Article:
In that disconnect was a sign of things to come: most broadly, the failure of bebop to attract a mass audience. Many older jazz critics attacked it as nonsense or heresy; the mainstream press treated it as a silly cult or a dangerous subversion. White rebels and militant blacks adopted it as an expression of nonconformity. Even for sympathetic whites, the demeanor of black bebop performers could be discomforting. Gillespie was an ironic clown, but the others — most influentially Parker and Miles Davis — rejected the traditional manner of the entertainer, attempting to cut loose from the embarrassments of minstrelsy and the subservient associations of playing for Massa. Into their public performances they brought some of the insular attitude of jam sessions, of musicians playing for other musicians — as if to say, Listen if you like, we’re not putting on a show. They insisted that they were artists, not entertainers, and the distinction mattered to them even more than it did to Paul Draper.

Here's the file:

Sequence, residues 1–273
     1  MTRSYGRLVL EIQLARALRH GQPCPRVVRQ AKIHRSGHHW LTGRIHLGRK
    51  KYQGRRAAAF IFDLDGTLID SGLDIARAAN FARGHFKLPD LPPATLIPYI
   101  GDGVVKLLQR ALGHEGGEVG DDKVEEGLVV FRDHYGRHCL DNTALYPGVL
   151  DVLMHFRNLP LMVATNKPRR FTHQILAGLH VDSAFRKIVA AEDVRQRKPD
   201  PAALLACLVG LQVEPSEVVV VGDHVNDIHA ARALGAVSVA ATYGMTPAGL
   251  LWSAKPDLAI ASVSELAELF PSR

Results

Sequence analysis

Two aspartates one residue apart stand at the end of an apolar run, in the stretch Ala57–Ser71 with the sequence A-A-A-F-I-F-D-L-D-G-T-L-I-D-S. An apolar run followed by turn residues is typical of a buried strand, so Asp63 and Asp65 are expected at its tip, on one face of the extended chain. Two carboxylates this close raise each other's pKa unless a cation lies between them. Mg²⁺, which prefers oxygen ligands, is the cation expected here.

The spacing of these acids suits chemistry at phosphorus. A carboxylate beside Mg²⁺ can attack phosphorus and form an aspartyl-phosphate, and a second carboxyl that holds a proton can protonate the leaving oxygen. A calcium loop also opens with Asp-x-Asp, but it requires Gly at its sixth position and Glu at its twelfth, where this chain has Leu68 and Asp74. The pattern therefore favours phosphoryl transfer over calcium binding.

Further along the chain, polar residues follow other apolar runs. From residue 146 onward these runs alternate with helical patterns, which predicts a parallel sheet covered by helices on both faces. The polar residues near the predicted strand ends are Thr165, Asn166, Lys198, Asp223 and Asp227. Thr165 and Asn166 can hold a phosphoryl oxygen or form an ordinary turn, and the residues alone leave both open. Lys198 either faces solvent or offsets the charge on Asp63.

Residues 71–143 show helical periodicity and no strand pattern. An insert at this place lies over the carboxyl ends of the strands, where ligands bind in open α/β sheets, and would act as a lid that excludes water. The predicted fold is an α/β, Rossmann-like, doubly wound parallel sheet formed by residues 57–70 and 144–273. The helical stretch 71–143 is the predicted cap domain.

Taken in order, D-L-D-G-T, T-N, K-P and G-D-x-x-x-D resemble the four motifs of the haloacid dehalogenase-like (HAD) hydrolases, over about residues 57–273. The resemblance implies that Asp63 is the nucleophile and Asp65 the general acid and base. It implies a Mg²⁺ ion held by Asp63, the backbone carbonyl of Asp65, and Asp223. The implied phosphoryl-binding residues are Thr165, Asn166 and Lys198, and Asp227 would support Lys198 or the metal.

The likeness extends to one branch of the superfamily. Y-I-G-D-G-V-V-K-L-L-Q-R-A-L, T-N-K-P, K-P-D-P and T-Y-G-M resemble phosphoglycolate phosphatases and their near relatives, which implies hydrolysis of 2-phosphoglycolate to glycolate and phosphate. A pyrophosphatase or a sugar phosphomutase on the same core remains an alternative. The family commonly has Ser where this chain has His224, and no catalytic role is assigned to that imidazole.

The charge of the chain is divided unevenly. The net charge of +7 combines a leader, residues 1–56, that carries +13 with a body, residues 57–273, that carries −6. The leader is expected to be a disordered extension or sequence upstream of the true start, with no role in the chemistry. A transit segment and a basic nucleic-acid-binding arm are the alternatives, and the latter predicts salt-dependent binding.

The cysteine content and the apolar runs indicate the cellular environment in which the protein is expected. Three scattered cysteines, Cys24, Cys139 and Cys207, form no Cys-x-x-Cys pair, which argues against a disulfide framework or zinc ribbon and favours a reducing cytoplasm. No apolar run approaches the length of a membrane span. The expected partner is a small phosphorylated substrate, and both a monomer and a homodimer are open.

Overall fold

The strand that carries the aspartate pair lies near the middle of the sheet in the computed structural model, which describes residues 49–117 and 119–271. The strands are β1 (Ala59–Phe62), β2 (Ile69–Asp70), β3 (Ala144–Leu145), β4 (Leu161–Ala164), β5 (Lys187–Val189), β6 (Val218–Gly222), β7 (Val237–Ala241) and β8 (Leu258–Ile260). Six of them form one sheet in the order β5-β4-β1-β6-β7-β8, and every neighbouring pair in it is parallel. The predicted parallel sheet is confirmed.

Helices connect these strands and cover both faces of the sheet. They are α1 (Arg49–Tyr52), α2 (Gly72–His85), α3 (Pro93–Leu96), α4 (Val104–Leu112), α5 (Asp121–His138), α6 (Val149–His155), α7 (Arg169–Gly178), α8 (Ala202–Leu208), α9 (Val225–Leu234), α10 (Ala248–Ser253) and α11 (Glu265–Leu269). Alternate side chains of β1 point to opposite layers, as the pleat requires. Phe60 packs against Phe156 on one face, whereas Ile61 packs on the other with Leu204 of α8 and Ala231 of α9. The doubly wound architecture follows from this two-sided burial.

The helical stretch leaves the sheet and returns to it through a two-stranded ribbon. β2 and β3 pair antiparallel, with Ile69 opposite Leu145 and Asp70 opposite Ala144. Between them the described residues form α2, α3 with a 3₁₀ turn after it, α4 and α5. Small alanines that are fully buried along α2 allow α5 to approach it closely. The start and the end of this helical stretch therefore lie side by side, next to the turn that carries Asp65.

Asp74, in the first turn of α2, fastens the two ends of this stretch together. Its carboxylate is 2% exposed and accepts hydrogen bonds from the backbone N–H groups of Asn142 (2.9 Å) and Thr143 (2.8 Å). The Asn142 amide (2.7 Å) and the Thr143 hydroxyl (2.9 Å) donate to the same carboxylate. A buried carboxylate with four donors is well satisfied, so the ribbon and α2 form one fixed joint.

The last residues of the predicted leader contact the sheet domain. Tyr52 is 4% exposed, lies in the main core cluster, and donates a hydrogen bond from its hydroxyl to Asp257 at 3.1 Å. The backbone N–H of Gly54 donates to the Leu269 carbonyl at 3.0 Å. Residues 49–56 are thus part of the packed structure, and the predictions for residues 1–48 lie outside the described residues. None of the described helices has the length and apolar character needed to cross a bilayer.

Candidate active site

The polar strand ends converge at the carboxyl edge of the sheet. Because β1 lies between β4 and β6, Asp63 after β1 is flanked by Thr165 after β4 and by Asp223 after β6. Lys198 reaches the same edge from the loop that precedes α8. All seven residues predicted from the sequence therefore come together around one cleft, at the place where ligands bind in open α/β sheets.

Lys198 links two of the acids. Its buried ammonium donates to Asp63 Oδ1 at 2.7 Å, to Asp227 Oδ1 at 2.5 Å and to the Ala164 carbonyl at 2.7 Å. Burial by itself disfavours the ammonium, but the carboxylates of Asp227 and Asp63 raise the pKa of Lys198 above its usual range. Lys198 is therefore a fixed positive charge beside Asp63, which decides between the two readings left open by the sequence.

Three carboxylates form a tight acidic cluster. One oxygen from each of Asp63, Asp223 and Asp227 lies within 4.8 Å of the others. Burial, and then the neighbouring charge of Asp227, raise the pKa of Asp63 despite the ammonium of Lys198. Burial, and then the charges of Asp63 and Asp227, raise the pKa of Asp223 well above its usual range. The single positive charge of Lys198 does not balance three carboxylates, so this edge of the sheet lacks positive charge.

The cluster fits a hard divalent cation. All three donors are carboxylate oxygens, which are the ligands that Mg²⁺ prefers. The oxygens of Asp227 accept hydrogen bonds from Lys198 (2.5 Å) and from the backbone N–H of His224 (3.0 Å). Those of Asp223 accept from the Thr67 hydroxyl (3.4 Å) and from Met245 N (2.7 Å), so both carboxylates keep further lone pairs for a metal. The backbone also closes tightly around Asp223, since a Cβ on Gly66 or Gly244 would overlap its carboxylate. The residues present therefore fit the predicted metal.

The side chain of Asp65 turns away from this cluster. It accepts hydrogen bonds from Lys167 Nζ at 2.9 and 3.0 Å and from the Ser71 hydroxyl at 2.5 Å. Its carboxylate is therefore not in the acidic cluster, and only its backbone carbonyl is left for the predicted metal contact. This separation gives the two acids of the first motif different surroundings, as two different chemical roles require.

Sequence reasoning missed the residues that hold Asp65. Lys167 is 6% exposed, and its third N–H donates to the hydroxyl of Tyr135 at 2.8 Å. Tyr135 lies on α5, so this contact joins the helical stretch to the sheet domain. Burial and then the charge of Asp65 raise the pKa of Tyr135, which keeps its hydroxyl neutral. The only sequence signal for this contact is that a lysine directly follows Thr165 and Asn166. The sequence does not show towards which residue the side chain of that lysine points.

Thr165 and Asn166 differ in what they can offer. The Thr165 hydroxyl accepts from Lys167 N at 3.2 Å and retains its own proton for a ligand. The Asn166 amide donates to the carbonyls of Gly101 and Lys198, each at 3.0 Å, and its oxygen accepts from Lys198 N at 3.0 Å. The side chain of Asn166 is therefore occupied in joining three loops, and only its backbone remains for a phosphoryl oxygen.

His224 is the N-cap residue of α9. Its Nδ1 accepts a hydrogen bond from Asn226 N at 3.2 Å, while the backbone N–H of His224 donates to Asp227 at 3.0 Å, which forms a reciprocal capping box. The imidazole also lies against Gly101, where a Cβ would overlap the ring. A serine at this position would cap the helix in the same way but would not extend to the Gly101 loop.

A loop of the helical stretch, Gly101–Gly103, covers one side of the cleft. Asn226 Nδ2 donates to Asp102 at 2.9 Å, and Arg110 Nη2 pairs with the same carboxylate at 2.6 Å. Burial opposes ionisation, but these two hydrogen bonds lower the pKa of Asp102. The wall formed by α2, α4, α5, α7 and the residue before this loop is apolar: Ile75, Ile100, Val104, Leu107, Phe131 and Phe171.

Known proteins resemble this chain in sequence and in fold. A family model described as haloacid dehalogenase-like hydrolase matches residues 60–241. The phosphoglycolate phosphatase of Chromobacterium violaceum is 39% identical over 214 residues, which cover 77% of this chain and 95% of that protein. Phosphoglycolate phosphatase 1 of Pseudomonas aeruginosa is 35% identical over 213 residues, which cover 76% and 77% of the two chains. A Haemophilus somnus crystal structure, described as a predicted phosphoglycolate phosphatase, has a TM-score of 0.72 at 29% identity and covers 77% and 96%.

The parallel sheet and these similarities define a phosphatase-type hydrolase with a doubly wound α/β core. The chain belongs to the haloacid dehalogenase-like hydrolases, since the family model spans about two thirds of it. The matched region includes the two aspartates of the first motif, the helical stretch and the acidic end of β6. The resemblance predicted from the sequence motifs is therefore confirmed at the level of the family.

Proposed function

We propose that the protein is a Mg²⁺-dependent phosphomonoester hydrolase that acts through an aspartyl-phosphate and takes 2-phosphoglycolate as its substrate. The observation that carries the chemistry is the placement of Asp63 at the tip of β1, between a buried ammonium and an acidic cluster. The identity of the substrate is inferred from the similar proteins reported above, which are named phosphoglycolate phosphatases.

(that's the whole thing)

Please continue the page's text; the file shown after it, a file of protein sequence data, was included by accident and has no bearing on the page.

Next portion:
For young musicians, the embodiment of the old, compromised manner was Louis Armstrong. For young tap dancers, their Uncle Tom was Bill Robinson. And for them, rejecting the role of entertainer was even more complicated. What the eye sees is the tawdry American convention; what the ear hears is the priceless African heritage. “Jazz tap,” Baby Laurence decreed, was percussive, “mostly from the waist down and the emphasis on sound.” He resented the influence of Hollywood and the promoters who urged him to smile and use his hands; being conscious of poise, he opined, inevitably took away from what a dancer said with his feet. Sound was pure, and the visual aspects of tap were tainted. They should be sacrificed.